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The Internet of Things (IoT) can't come fast enough for Janusz Bryzek.
The Fairchild executive wants to create a consortium of companies and governments that develops a roadmap and pools funding to drive towards a market of trillion sensors. To get the ball rolling, he organized the Trillion Sensor Summit where more than 50 presenters from around the globe shared their thinking with more than 200 executives.
"This could be the biggest business in the history of electronics," Bryzek told the crowd, citing estimates from Cisco Systems and GE of a $15 trillion IoT market by 2020.
Bryzek is not alone in his desire to accelerate and get ahead of what could become a 1% to 15% slice of the global GDP. Industry giants including Amazon, Cisco and GE are ramping up IoT services and business units. One medical electronics giant just finished a strategic plan for how it could connect its diverse systems, gathering data to create new services.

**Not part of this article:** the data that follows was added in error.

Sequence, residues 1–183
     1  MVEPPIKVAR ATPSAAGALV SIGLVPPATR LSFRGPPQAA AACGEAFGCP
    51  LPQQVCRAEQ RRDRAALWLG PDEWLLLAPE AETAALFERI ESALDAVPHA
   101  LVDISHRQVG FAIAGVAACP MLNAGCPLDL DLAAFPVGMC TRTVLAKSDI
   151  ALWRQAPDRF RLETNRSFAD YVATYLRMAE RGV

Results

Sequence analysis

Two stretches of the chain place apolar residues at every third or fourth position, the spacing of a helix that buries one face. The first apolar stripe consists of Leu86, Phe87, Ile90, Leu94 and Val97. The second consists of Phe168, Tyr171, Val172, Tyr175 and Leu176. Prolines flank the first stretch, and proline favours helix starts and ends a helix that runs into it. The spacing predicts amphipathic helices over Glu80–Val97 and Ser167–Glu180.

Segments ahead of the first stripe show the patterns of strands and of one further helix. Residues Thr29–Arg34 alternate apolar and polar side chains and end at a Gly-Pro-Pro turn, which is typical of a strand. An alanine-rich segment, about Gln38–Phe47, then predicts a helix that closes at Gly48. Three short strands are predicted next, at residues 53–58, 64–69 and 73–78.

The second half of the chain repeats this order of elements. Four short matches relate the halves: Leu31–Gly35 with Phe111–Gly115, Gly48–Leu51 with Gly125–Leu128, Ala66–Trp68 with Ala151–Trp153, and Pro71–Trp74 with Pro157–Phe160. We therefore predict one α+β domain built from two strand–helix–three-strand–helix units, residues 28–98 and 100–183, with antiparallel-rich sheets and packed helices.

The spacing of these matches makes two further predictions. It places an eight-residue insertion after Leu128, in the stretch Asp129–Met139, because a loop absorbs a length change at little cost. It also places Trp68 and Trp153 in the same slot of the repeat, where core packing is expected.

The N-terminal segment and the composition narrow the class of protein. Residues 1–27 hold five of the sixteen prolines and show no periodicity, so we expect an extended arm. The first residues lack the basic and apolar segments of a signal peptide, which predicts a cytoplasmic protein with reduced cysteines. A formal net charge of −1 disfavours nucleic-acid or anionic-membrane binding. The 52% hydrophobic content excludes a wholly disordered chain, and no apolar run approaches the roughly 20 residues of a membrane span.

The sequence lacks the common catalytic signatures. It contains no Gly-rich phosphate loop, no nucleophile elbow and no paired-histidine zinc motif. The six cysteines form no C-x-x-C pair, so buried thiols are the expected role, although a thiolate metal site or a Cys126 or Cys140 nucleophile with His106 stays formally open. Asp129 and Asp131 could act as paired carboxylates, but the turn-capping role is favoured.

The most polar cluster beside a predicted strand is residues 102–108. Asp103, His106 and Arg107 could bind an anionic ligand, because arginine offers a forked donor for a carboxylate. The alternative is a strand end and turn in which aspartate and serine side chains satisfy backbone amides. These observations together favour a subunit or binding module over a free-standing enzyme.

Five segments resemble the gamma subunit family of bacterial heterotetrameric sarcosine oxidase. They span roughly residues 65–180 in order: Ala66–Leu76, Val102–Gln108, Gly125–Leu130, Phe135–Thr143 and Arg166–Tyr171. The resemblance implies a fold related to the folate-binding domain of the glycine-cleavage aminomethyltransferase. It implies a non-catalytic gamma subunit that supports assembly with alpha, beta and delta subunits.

Another entrepreneur at the summit is dreaming of his own IoT effort which could take the form of an incubator and investment fund. "It can be hard for [IoT innovators] to get funding -- I know because I listened to these people for years and I feel their pain," said Flavio Bonomi, who recently left Cisco, where he was a research fellow in the comms giant's emerging IoT effort.
As a veteran of at least three sensor startups, Bryzek knows there are plenty of hurdles ahead. The Internet of Things is a fragmented collection of diverse markets, each with its own needs. They share a demand for sensors that cost $1 or less and consume next to zero power.
"Everyone wants more sensors, but the hockey stick of growth hasn't happened yet," said Ajith Amerasekera, engineering director of high performance analog at Texas Instruments and one of the speakers. "On one side the operating systems and software need to be in place, and on another side we need more killer apps," he said.
The opportunities are equally large. "The byproduct of a trillion sensors is an abundance that will change the world for better -- we will live healthier and longer in a less polluted world," Bryzek said.